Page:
Ása Helga Hjörleifsdóttir kvikmyndagerðarkona hélt hátíðargusuna svokölluðu á opnunarkvöldi Alþjóðlegu kvikmyndahátíðarinnar í Reykjavík síðastliðinn fimmtudag. Ræðuna flutti hún á ensku en þar fór hún yfir hlutskipti kvenna í kvikmyndaiðnaðinum.
Ása Helga hefur gert tvær stuttmyndir síðan hún útskrifaðist úr námi og hyggst gera sína fyrstu kvikmynd í fullri lengd á næsta ári sem hún byggir á bók Guðbergs Bergssonar, Svaninum.
Í gusu sinni kom Ása Helga inn á hlutskipti kvenna í hinum erfiða heimi kvikmyndalistarinnar. Meðal annars sagði hún frá því að það eru fjögur ár síðan kona leikstýrði kvikmyndin fyrir ríkisstyrk hér á landi. Hún sagði einnig að kvenleikstjórar hefði ráðlagt öðrum kvenleikstjórum að vera ekki áberandi, hvorki í kvikmyndum sínum né sem opinberar persónur.
Gusuna má lesa hér fyrir neðan:
While I was in film school, a recurring image started popping up in my head, especially late at night, after long hours of work. I would close my eyes and on the back of my eyelids I would see a red carpet. A clean – crisp almost – red carpet leading into a cinema. What a tease, you might say to your tired, burnt-out mind, but on good days, the dream felt like a tangible one. The playing field back then felt fair and safe: just do the work and with some luck you might make it.
Cut to now: Two years since I graduated from film school and the more the film world reveals itself, the more I see how little room there is for words like fair and safe. It’s been a wild ride: thrilling but no less sobering in its realities. The stomach-grinding financial worry is a thing in itself: Being invited to a big festival – hotel, fancy dress code etc. – and all the time hoping that no-one finds out I’m secretly living off the daily lunch tickets the festival provides me with, and whatever sublet money I can scratch together while I’m away. Is this really how it should be?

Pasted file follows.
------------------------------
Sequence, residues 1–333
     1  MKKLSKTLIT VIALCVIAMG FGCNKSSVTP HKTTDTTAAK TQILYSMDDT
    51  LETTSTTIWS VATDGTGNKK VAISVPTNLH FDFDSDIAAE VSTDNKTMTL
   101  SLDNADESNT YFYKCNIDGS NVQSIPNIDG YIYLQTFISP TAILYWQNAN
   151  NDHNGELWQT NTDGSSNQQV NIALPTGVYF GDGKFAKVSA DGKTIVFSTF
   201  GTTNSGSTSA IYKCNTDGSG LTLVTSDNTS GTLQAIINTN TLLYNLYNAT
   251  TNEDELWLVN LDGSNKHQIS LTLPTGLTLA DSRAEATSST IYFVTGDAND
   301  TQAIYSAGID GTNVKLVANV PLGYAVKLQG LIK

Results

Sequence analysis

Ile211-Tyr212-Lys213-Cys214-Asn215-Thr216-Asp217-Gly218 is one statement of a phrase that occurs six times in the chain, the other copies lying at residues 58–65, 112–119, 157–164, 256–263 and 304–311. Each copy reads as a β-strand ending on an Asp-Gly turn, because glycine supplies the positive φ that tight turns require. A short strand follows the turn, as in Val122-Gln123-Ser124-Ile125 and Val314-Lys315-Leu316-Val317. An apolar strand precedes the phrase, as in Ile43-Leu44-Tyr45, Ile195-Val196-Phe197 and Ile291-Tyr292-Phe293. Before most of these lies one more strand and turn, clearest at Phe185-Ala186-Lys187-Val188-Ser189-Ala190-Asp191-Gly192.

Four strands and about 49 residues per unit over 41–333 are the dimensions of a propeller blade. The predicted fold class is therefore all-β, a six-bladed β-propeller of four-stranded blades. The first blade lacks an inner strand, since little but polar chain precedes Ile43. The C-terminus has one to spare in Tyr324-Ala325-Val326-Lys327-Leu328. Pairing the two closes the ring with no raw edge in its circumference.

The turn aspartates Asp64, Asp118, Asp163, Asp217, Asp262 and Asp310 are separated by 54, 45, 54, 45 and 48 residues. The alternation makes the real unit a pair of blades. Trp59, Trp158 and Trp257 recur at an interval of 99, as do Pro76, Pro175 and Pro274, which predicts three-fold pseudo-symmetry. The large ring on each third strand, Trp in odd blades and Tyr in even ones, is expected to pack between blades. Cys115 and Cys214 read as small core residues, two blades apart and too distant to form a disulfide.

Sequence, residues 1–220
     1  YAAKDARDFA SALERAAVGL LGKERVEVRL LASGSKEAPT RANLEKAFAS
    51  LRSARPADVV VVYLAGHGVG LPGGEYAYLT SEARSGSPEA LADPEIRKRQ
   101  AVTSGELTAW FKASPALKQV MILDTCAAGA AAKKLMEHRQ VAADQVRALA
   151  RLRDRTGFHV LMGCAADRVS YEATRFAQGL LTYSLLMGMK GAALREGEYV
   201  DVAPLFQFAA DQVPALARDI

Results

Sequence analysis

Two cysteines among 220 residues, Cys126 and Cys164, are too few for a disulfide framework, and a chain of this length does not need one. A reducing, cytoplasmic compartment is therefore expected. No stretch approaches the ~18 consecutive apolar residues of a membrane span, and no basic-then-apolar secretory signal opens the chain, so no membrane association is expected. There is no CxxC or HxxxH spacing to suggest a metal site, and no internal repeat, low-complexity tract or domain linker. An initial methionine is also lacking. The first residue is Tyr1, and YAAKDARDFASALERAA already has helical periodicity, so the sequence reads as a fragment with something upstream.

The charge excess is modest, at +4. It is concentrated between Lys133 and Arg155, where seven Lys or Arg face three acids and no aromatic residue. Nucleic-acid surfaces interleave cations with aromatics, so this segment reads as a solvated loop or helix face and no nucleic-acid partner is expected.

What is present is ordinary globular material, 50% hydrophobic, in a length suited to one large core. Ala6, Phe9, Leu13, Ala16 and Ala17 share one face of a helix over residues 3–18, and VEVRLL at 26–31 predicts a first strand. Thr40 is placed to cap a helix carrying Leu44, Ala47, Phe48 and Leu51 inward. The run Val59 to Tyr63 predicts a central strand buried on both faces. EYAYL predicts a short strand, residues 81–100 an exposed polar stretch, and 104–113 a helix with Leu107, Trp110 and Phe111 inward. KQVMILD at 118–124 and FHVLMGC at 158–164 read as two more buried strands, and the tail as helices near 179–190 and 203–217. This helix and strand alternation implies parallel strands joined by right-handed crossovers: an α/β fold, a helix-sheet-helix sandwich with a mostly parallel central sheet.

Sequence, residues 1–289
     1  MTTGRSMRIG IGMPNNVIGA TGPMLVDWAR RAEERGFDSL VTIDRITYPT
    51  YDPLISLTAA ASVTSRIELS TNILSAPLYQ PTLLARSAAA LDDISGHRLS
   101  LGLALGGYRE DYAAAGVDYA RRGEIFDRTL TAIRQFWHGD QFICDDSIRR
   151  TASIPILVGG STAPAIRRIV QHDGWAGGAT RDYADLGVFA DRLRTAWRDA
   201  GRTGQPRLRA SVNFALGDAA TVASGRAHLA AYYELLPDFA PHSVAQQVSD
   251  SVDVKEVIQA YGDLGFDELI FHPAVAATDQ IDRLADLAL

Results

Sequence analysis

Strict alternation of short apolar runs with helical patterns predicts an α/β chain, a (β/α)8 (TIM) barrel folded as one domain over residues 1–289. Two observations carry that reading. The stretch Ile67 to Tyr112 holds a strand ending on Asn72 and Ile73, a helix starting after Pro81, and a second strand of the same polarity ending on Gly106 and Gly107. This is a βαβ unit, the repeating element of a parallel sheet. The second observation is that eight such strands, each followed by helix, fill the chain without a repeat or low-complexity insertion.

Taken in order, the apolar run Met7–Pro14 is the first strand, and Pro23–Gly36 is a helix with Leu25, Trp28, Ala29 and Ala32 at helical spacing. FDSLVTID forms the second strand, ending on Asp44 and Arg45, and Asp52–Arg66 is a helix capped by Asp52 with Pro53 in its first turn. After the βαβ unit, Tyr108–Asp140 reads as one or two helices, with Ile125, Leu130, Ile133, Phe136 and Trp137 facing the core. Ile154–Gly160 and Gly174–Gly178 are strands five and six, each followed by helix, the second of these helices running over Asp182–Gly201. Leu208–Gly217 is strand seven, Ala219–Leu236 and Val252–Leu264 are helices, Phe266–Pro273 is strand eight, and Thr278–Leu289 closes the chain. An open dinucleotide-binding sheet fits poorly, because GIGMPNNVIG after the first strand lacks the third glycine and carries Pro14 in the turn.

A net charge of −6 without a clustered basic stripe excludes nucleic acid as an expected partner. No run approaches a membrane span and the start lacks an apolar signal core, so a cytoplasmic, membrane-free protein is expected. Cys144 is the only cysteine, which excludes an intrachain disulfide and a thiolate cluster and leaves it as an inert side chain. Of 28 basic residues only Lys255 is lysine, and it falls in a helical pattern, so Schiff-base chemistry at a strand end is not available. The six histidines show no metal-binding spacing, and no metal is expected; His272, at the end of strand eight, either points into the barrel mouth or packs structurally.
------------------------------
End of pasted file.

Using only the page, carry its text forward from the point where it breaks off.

The bigger and more endlessly frustrating realization has been to feel – even when I didn’t want to – how uneven the playing field truly is when it comes to gender. Sure things are better than before, but even so – it’s been 4 years since a female-directed live action feature film has come out in Iceland with state support. Things are better than before, yes, but even now in 2014 I’ve taken part in major international film labs where the already very few female directors are advised – often by other women – to be less fierce both in their filmmaking as well as their public persona. I wonder how many male directors get that advice: to be more subdued in their films or less bold in their attitude. Women are asked to put their fangs away, or at least try to hide them. Why? Because stories by women on screen are still the other, still a minority voice that apparently has to be isolated so it can be heard. And that is no less frustrating. Am I nothing if I’m not a female filmmaker? Is that why I was asked to talk here tonight?
At last years Berlin Film Festival Jane Campion simply sighed when asked how it feels to be a woman in film. She sighed and said to the woman that had asked; “just do the work and that will be your best weapon”. But even Campion herself later admitted that for the work of women to break away from its minority labeling, the state funding system would have to be equally divided between the sexes to begin with.
I’ve been lucky: my short films have travelled, and just a few weeks ago the Iceland Film Fund announced its support of my first feature film. For this I am deeply thankful. Films can be the axe for the frozen sea within us, like Kafka said about books. Films ferry stories from one end of the world to the other. They give people – nations, even – a new perspective. And they certainly can bring the worldview of women to the forefront. What are we waiting for?
It’s fitting that the film we’re about to watch is funded and produced by an organization called Gamechanger; a fund that supports films directed by women. All I can say is: Let the games change.